View Full Version : Great American Artworks Full Monty

09-30-2014, 05:16 AM
The Great American Full Monty set I ordered three weeks ago finally came! Well, to be honest it came almost a week ago, but I have been sick, so I couldn't do anything about it. But now I am playing with them and they are so beautiful! For a whole day I had the boxes open on my living room floor just so I could look at them.

Anyway, when I was considering this set I discovered that there don't seem to be any good pictures of it on the internet, so I definitely wanted to post some.

So here they are. This is how they came, in their nice sturdy wooden boxes. Each one has a tight fitting wooden lid. The gaps are for the colors that were out of stock, which they promised to send soon.



And here they are after I spent a couple of hours rearranging the colors. That was fun!


I do have close ups of each box if anyone wants to see those. Not sure if it's an issue, but I hesitated to post so many large pictures in one thread.

Equus Art
09-30-2014, 07:20 AM
Saskia, they are gorgeous! What a lovely gift to yourself. I love GAs! Post the indiividual boxes, please!!.


09-30-2014, 09:21 AM
Gorgeous pastels, enjoy your new toys!!

Oh, and post away, I'm sure everyone would love to see a close up of each box, I know I would!

09-30-2014, 09:58 AM
Yes, close ups!

09-30-2014, 10:21 AM
wow! Beautiful sets! Yes, closeups, please!

09-30-2014, 11:03 AM
So beautiful! The boxes look great too, I like how they stack. How are you planning on using them? Would love to see photos of each box too!

Barbara WC
09-30-2014, 11:46 AM
Thank you for posting!!! And congratulations!

I have been working in pastels for about 4 years now, and only recently tried GA's! I never was interested based on descriptions, buttery soft, and people rank them up near Schmincke for softness, which I don't like.

Well, now I think they may be tied with Terry Ludwig as my favorite pastels! I only have the "On the Terrace" GA 60 half stick set, but just got the color chart from Dakota a few days ago.

I'm going to order the other 60 half stick Landscape set of GA's (there is no overlap between the two sets) and a few open stock. If I continue to like them, I might ask the magic fairy to bring me the Full Monty someday... As much as I love Terry Ludwigs, I don't really have a desire to have the full set- I have the color chart. The GA Full Monty though... :thumbsup:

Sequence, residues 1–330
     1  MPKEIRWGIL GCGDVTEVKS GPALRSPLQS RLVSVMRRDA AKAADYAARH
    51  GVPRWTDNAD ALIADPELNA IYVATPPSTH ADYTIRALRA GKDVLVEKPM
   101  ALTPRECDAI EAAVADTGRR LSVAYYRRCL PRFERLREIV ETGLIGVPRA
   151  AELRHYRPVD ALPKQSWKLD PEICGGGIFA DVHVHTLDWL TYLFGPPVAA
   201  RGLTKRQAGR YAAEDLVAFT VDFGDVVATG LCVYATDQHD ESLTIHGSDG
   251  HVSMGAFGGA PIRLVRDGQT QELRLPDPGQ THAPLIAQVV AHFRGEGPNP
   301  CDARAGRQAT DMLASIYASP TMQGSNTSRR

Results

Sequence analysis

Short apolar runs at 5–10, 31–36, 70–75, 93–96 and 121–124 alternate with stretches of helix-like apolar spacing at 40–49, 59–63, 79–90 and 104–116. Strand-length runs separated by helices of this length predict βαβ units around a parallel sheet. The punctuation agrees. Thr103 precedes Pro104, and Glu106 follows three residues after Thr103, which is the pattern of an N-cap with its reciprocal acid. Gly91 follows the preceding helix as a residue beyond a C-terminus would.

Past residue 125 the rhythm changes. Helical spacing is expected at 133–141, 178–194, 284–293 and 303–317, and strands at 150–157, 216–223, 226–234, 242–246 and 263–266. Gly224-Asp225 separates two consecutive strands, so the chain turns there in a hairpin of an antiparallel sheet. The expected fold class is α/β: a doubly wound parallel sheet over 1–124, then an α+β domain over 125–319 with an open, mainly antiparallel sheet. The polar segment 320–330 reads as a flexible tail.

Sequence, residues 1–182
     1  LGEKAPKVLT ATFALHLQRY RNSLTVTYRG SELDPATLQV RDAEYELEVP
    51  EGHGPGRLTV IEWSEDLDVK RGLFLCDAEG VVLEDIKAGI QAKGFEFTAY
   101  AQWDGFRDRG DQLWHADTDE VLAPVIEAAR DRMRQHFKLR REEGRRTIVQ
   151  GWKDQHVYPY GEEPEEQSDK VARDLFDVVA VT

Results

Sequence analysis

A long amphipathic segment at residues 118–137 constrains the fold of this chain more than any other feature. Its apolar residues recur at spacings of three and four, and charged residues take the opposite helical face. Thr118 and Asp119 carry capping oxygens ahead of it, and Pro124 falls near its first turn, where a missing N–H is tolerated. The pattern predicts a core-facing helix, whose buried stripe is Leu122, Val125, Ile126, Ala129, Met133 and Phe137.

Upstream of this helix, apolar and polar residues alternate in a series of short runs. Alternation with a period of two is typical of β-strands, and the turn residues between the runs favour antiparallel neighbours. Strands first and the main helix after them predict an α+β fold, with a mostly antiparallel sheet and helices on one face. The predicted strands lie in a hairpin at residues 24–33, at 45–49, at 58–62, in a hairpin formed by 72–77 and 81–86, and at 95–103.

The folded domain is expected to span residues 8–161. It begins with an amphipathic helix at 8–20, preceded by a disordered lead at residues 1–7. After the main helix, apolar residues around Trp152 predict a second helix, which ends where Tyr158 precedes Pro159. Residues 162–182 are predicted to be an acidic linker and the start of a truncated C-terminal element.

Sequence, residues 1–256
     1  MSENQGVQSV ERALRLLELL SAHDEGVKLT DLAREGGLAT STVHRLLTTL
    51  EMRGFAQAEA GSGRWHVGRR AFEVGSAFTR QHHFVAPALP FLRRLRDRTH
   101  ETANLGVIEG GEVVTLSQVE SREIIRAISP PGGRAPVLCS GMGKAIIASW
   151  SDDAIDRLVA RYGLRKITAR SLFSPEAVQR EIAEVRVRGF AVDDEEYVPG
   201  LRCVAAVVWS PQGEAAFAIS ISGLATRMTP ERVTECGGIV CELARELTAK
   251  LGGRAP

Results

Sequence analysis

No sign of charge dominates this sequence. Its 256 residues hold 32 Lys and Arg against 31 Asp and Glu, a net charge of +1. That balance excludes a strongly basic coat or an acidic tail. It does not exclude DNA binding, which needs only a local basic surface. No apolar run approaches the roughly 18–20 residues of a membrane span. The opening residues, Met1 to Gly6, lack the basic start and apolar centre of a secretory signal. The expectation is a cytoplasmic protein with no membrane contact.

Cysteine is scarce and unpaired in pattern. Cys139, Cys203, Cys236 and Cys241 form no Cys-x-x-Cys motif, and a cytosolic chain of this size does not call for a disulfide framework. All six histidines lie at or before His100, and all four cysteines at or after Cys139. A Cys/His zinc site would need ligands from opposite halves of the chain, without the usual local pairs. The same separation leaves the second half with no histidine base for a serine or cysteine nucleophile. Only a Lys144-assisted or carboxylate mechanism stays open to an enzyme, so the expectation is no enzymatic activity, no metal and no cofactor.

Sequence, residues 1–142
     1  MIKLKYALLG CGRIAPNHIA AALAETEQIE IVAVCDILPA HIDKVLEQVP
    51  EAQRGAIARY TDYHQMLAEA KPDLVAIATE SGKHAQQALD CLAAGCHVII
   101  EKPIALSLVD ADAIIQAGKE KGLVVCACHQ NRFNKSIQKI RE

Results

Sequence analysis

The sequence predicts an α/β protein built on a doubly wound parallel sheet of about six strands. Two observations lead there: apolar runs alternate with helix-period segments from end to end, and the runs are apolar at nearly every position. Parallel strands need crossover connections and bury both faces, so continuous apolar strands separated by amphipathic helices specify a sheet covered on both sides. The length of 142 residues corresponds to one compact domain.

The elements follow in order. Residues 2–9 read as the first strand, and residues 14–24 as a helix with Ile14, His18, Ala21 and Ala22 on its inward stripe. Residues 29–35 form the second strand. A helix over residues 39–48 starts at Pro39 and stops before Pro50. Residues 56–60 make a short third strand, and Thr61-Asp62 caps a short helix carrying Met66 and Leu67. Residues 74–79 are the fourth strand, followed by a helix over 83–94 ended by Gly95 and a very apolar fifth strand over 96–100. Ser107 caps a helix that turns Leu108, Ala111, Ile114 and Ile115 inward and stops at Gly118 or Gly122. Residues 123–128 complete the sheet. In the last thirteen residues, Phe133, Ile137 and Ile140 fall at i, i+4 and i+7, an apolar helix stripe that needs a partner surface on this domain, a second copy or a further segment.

Enjoy your set! :clap:

09-30-2014, 04:26 PM
Alright, can't argue with that then! Six more 800 x 600 shots!







09-30-2014, 06:01 PM
Thanks everybody, I hope the pictures are good enough. I need a new camera! By the way, the seemingly mismatched colorful ones in the last box with the neutrals are pearlescents. They only make one of each color of those, whereas the other colors are all either six or seven tints (just noticed Dakota says five or six, so they have it wrong . . . I should write and tell them). This made it a bit challenging to organize them by color family and keep all the colors in their own groups, since there are 13 slots per column. I had to insert a pearlescent in a few places in the greens where two groups of six wound up in the same column, so as a result, the pearlescents are not all together.

Julie - Thanks, I love the boxes too. I wasn't sure what to expect there, so I'm glad they didn't skimp on them. As you might be able to tell from my elaborate rearrangement, I plan on keeping them in the boxes in the studio. They are perfect for laying out flat on a table, and I really like that they are separate smaller boxes instead of one big one, or a chest. The modularity is much more convenient for laying them out the way I want.

I like to use Great Americans mostly by themselves, or sometimes with Unisons underneath. I really like them on very soft cotton rag printmaking papers like Stonehenge and Somerset. Other pastels can be too hard for these papers and actually shred the tooth, but GAs are so soft and clingy they just glide right on. I can put ten layers of them on Somerset. I don't think I have ever filled the tooth. There's a strange thing about using pastels on these papers, though . . . it's a different experience than using more typical pastel surfaces, and I could see a lot of people not liking it. I have a totally different set of techniques for working this way, and when I do it it almost feels like a different medium. Even though I really enjoy it and am happy with my results, after a painting or two I am itching to get back to the "normal" way of working, which for me is breaking pastels into halves, or smaller, and using them on their sides on a painterly fashion. Great Americans I do not break. I don't even take the labels off!